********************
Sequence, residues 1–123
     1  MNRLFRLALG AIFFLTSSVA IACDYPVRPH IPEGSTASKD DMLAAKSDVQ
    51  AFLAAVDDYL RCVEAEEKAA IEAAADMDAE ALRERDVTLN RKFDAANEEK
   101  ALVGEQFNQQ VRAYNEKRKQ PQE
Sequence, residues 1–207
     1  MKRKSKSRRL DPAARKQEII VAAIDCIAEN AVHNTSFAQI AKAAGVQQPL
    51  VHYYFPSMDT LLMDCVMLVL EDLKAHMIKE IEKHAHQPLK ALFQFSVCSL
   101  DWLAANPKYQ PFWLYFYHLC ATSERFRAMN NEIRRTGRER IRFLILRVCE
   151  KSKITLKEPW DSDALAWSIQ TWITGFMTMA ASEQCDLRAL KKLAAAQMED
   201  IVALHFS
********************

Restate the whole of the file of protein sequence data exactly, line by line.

Sequence, residues 1–123
     1  MNRLFRLALG AIFFLTSSVA IACDYPVRPH IPEGSTASKD DMLAAKSDVQ
    51  AFLAAVDDYL RCVEAEEKAA IEAAADMDAE ALRERDVTLN RKFDAANEEK
   101  ALVGEQFNQQ VRAYNEKRKQ PQE
Sequence, residues 1–207
     1  MKRKSKSRRL DPAARKQEII VAAIDCIAEN AVHNTSFAQI AKAAGVQQPL
    51  VHYYFPSMDT LLMDCVMLVL EDLKAHMIKE IEKHAHQPLK ALFQFSVCSL
   101  DWLAANPKYQ PFWLYFYHLC ATSERFRAMN NEIRRTGRER IRFLILRVCE
   151  KSKITLKEPW DSDALAWSIQ TWITGFMTMA ASEQCDLRAL KKLAAAQMED
   201  IVALHFS